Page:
Really serious producers never pretend that they have achieved their idea of perfection. No vintage is the same, so success is never absolute, but rather a reflection of the best possible, given the weather, the constraints of cellar space, the evolution of the winemaker’s aesthetic vision. Ideas about palate weight, fruit ripeness, use of wood are never immovable. They are also vintage dependent – bigger fruit weight can manage more new wood, lighter berries might profit from a longer pre-fermentation maceration.
Then there is the matter of vinous fashion. For a very long time almost all wine making was oxidative rather than reductive. In other words, the fermenting fruit had unprotected exposure to oxygen and acquired a stable but quite evolved style almost from the outset. This presented as a range of aromatics closer to the sherry than the fruit side of the spectrum.
Cold fermentation, closed tanks, sulphur dioxide and commercial yeasts changed all this. Aromatics – especially in white wines – were fresher and more forward, and this fashion dominated winemaking from the 1950s until quite recently. Now a little oxidation is creeping back, sometimes just as a note on the flavour spectrum, sometimes more obviously, such as with so-called amber wines.
Incidentally, not all the oxidation you encounter is the result of the winemaker’s intention: sometimes it’s a closure-related fault, or the result of dissolved oxygen at bottling, or simply too little sulphur in the winemaking. While oxidative notes can contribute to the texture and flavour profile, if freshness has been lost without a commensurate gain in complexity, it’s fair to question whether yourself if this was what the winemaker had in mind.
Of course it’s not always obvious: Matthew van Heerden’s Signature Chardonnay 2016 certainly shows more evolution on the nose than would have been typical a few years ago, but it comes with discernible freshness on the finish. I would have preferred the fruit to be more luminous, but it’s certainly not faulty by the standards of today. Likewise Simonsig’s 2016 Die Kluisenaar (part of the Grapesmith range) is earthy and textural, geeky by today’s standards, rather than mainstream. I much preferred the 2016 Grapesmith Mediterraneo – it’s one of the best wines from Simonsig I’ve ever tasted. However, the editor of WineMag wouldn’t have agreed: he scored Die Kluisenaar significantly higher than the Mediterraneo. Clearly oxidative fruit handling has more appeal to those surfing the cutting edge.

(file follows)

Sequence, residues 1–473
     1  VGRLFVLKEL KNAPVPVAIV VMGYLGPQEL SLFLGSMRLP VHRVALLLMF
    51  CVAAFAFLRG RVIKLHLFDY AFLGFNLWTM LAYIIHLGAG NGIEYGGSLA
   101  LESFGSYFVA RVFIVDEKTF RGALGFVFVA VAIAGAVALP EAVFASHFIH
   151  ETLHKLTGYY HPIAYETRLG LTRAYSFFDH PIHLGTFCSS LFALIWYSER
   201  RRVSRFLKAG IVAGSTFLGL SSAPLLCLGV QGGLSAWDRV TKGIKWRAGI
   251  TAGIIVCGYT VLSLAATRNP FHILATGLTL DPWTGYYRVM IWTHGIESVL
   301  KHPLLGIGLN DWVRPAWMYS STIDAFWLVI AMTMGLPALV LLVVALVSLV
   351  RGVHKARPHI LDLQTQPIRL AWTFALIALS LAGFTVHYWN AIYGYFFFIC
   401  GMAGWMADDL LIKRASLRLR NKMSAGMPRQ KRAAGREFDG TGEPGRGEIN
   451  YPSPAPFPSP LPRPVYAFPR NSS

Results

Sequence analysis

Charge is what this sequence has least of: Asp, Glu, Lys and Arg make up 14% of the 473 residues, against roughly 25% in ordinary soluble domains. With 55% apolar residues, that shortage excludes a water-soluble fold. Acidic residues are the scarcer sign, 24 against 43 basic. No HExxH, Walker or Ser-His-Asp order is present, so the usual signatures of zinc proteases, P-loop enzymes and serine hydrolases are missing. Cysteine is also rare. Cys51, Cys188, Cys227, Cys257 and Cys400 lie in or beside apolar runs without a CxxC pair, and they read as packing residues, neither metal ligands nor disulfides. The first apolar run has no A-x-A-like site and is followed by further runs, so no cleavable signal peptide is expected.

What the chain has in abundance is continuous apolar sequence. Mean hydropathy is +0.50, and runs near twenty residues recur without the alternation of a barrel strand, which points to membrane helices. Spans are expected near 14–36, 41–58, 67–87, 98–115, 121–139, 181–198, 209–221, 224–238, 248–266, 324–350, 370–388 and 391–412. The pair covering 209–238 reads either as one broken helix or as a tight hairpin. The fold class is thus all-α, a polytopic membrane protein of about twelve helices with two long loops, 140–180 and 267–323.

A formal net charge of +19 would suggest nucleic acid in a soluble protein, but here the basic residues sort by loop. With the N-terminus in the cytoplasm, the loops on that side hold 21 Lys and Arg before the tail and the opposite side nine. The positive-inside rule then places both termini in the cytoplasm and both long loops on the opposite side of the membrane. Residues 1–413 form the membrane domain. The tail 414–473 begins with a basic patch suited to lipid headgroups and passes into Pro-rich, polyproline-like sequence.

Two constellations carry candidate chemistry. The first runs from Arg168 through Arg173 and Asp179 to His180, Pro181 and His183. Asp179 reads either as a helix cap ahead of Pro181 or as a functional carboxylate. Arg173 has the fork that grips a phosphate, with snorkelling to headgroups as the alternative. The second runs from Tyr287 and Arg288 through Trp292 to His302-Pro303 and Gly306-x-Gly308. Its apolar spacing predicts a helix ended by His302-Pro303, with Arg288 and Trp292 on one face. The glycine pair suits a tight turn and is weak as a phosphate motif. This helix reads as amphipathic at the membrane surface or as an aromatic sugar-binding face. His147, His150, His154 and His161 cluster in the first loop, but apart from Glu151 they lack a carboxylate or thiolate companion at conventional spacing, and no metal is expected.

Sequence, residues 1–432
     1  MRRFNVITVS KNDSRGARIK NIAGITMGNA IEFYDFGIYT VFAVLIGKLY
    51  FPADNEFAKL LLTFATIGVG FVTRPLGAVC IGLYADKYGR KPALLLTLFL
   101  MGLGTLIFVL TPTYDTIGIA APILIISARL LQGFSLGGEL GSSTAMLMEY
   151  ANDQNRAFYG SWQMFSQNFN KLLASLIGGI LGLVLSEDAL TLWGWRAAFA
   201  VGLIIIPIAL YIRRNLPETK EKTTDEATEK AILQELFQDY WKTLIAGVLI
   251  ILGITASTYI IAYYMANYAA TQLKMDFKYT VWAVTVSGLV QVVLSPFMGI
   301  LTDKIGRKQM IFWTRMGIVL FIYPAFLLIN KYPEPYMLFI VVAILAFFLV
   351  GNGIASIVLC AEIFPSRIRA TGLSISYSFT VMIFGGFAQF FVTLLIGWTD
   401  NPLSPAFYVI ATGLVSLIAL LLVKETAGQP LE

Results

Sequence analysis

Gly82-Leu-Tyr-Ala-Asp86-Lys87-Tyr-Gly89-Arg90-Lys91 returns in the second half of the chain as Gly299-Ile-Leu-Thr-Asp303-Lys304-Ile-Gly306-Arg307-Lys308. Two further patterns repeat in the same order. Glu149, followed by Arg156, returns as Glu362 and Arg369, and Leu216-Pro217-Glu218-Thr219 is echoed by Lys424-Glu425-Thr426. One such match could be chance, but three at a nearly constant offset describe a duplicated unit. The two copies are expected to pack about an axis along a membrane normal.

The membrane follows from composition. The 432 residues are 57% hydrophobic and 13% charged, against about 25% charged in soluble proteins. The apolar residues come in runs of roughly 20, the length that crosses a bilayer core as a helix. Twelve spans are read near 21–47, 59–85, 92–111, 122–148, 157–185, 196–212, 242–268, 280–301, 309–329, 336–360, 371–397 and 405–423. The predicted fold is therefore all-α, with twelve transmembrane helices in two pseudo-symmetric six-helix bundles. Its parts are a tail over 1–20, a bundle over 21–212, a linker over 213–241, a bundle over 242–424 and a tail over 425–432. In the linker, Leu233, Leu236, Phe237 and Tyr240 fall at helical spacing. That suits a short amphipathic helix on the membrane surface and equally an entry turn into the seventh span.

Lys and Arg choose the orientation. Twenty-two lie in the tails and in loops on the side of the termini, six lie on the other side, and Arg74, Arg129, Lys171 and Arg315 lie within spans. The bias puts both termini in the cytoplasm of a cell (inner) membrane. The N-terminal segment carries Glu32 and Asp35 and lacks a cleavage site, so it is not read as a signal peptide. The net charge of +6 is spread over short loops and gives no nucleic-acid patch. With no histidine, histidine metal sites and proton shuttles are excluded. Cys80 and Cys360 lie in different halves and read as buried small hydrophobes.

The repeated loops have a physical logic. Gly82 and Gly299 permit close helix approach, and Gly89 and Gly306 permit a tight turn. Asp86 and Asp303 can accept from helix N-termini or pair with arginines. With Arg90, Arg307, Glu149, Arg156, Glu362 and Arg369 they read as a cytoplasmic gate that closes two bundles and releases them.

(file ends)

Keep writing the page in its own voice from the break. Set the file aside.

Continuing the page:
Sebastian Beaumont is a winemaker who does seem to have managed the tightrope of authenticity and fashion, and to have optimised his skills set, the potential of his vineyards and his sense of the aesthetically possible. I tasted through most of his current range and there was nothing I wouldn’t happily have taken to dinner. There were several highlights, both among the single varietal wines, where the fruit expression was pure and linear, without being clinical, and also in the thoughtfully composed blends.
There are very few pinotages that offer immediate pleasure and a promise of complexity. The 2016 Beaumont is certainly one of them: deep, plush aromas, good intensity, perfectly managed tannins, which are fresh rather than chunky. Likewise both the Ariane 2016 and the Vitruvian 2014 are better than any Beaumont blends I can recall tasting – an indication that after almost 20 years Sebastian Beaumont is right at the top of his game, and is able to coax more than ever before from his vineyards, and from the vintages.
This impression was substantially confirmed by the Dangerfield Syrah 2016 and the latest (2017) Hope Marguerite. The former shows plenty of fine peppery spice combined with lovely sweet raspberry notes on the palate. The latter manages the inherent tension of racy acidity and ripe fruit notes perfectly. It delivers hints of slightly honeyed compote and pear-drop aromas, followed by a faint sweetness held in check by real fruit freshness. This may be the best vintage of Beaumont’s iconic white – it’s certainly as good any chenin blanc you could find anywhere in the world.